UCLA tries to keep early NCAA tournament exit in perspective
UCLA knew this season was going to be difficult. Before their first game, the Bruins had players suing the federal government and others opting out during a pandemic. The eight players who did participate couldn’t use their locker room or share team meals.
With the odd circumstances, players and coaches agreed to base their season on the word “perspective.” The tears flowing after Wednesday’s loss to Texas made it difficult to find that view immediately.
“Right now it really stings so much,” coach Cori Close said fighting through tears after UCLA’s season ended in a 71-62 loss in the second round of the NCAA tournament. “When we are able to look back and have some perspective, we’re going to have a lot of victories to count.”
UCLA (17-6) didn’t have any coronavirus-related pauses like several other teams in the Pac-12. The Bruins rose as high as No. 5 in the Associated Press poll, their highest ranking since 2017. Senior Michaela Onyenwere became the program’s first two-time AP All-American and helped form the team’s “More Than a D.R.E.A.M.” committee that advocated for racial equality.
The successes made the abrupt ending Wednesday in San Antonio even more painful. The NCAA regional semifinal seemed like a baseline expectation after the program had advanced to the second weekend of the tournament four straight times.
The loss to Texas was a reminder of how difficult it is to maintain that success.
UCLA’s slow start prevented the comeback in the 71-62 loss to Texas in the second round of the NCAA women’s tournament on Wednesday.
UCLA faced a 21-point halftime deficit after its offense grew stagnant in the second quarter. Long scoring droughts like the six-minute, 20-second dry spell Wednesday were common this season.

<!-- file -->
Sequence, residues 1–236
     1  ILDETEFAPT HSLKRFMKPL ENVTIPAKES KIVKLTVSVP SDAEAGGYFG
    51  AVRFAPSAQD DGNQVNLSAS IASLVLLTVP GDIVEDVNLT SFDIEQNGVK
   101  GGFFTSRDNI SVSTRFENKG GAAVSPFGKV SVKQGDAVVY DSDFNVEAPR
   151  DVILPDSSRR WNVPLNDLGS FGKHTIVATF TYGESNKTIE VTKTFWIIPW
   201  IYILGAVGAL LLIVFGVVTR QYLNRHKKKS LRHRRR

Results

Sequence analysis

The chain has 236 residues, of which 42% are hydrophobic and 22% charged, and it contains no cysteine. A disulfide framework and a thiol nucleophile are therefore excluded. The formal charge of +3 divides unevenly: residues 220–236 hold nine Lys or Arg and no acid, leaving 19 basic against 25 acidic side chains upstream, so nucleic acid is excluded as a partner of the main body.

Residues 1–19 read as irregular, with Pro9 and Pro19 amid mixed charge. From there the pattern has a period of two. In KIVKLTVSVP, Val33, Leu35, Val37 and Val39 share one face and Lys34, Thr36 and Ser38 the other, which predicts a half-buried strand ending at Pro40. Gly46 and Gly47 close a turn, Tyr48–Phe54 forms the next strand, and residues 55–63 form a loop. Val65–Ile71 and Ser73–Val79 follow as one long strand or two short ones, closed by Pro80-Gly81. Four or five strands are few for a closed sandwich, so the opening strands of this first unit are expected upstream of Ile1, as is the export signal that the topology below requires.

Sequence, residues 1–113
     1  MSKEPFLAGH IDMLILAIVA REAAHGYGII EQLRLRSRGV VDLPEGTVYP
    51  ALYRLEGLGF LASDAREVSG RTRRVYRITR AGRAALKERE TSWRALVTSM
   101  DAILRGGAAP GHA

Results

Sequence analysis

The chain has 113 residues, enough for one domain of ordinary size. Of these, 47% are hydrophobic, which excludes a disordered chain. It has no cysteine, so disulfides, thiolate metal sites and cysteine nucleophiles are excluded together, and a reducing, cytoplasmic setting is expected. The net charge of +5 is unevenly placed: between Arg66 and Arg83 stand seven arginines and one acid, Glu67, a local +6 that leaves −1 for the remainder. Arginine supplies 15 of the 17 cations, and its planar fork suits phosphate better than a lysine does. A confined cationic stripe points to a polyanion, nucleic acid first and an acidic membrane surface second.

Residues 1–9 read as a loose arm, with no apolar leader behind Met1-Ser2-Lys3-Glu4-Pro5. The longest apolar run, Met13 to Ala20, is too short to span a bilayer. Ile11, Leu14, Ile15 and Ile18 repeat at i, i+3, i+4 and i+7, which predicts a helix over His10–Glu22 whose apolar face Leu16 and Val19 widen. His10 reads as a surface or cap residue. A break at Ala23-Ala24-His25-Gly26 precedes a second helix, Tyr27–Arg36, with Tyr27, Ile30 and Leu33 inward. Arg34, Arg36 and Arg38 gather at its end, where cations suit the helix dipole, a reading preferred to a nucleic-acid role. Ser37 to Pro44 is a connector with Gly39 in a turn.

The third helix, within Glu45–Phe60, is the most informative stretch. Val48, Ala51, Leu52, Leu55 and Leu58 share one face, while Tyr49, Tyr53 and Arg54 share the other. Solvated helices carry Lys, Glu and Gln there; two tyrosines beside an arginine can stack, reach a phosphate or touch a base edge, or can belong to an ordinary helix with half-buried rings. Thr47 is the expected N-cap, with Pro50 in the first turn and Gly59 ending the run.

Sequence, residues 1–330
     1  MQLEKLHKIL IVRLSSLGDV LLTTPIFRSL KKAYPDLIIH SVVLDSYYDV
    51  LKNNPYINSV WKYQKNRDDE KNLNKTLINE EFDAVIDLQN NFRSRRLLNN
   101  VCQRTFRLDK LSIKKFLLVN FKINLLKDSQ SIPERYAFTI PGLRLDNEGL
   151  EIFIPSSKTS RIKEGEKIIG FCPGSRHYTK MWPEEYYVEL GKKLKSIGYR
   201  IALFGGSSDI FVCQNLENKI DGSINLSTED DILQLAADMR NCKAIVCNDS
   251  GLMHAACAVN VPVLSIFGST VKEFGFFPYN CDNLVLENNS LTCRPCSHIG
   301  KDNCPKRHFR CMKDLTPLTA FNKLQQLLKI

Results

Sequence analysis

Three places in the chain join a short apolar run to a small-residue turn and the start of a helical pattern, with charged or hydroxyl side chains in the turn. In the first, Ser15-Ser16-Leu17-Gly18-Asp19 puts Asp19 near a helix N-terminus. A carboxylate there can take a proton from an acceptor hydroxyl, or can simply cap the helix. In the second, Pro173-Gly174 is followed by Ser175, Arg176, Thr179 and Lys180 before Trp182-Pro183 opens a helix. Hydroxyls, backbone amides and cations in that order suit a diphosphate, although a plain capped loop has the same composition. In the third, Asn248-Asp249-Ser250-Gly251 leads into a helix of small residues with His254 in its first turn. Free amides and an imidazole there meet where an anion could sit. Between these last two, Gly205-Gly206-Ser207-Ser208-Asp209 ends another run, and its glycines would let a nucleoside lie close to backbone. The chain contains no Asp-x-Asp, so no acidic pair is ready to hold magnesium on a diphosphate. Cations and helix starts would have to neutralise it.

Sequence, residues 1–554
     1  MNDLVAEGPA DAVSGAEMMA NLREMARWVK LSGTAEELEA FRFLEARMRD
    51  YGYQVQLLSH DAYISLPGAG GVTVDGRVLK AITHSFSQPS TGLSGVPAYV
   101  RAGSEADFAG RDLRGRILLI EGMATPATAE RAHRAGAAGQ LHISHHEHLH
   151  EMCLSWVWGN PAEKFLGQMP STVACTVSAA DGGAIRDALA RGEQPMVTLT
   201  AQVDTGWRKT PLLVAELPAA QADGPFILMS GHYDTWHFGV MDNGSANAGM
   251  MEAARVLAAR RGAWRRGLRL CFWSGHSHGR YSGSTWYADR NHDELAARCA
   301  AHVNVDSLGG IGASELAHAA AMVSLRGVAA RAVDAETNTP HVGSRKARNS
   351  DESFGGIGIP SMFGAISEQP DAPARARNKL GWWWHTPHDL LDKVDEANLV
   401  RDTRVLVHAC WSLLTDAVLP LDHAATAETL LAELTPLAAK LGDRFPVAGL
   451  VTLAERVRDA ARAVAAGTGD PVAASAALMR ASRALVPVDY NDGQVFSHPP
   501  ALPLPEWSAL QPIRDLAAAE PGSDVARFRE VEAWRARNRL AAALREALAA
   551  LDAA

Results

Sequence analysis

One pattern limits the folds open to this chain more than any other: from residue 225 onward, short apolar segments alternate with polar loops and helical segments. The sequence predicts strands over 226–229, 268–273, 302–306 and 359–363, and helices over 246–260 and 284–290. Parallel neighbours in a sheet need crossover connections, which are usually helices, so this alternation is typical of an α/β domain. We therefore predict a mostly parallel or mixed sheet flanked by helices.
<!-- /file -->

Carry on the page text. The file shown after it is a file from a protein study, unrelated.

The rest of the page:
The Bruins had talent in Onyenwere and Charisma Osborne to compete against top teams. They had toughness. But they often lacked the tact on offense to win.
Close, a former UC Santa Barbara point guard, tried to implement a new offense this season to emphasize her team’s versatile post players.
It worked for Onyenwere. The 6-foot forward averaged a career-high 19.1 points per game. Osborne broke through as a sophomore with 17 points, 5.8 rebounds and 3.8 assists per game.
But the pair of All-Pac-12 players had no consistent help. The gap between UCLA’s stars and its role players was painfully evident against Texas when Onyenwere and Osborne scored 21 and 19 points, respectively, and freshman Emily Bessoir was the only other player in double digits with 11. No other player made more than one field goal.
Bessoir, who added eight rebounds, might grow into a difference maker as the Munich, Germany native is suited for UCLA’s offense that Close said is inspired by the free-flowing game popular in international leagues.
It may also be a perfect match for Australian forward Izzy Anstey, who is expected to join the Bruins next season after pandemic travel restrictions kept her from entering the country this year.
But Anstey won’t be joined by longtime friend and fellow UCLA signee Gemma Potter, who chose to go pro in Australia.
Currently, Anstey is the only new player expected next year as the Bruins don’t have any recruits signed for 2021 after their one signee Dominique Darius enrolled early. Opt-outs Kayla Owens and Kiara Jefferson could return next season.
UCLA will need contributions from everyone to fill the shoes of Onyenwere, senior Lauryn Miller and redshirt junior Lindsey Corsaro, who are not expected to return despite additional eligibility.
Onyenwere is a probable top-10 WNBA draft pick. If she is chosen, it will be four straight years that the Bruins have had an WNBA draft selection. Despite the next-level talent in the program, UCLA still hasn’t won a Pac-12 or national title in 10 years under Close.
In an exclusive interview with the Times, Larry Scott, the outgoing Pac-12 commissioner, says it’s time to show ‘grace’ to the selection committee.
“The foundation has been laid and it’s time to make some other steps and to move forward but never at the compromise of our mission,” Close said, adding that the team will identify areas for improvement to reach a championship level.
“We’re going to relentlessly do that, but we’re also going to relentlessly create an uncommon transformational experience for young women that teaches, mentors and equips them for life beyond UCLA and that will never be compromised.”
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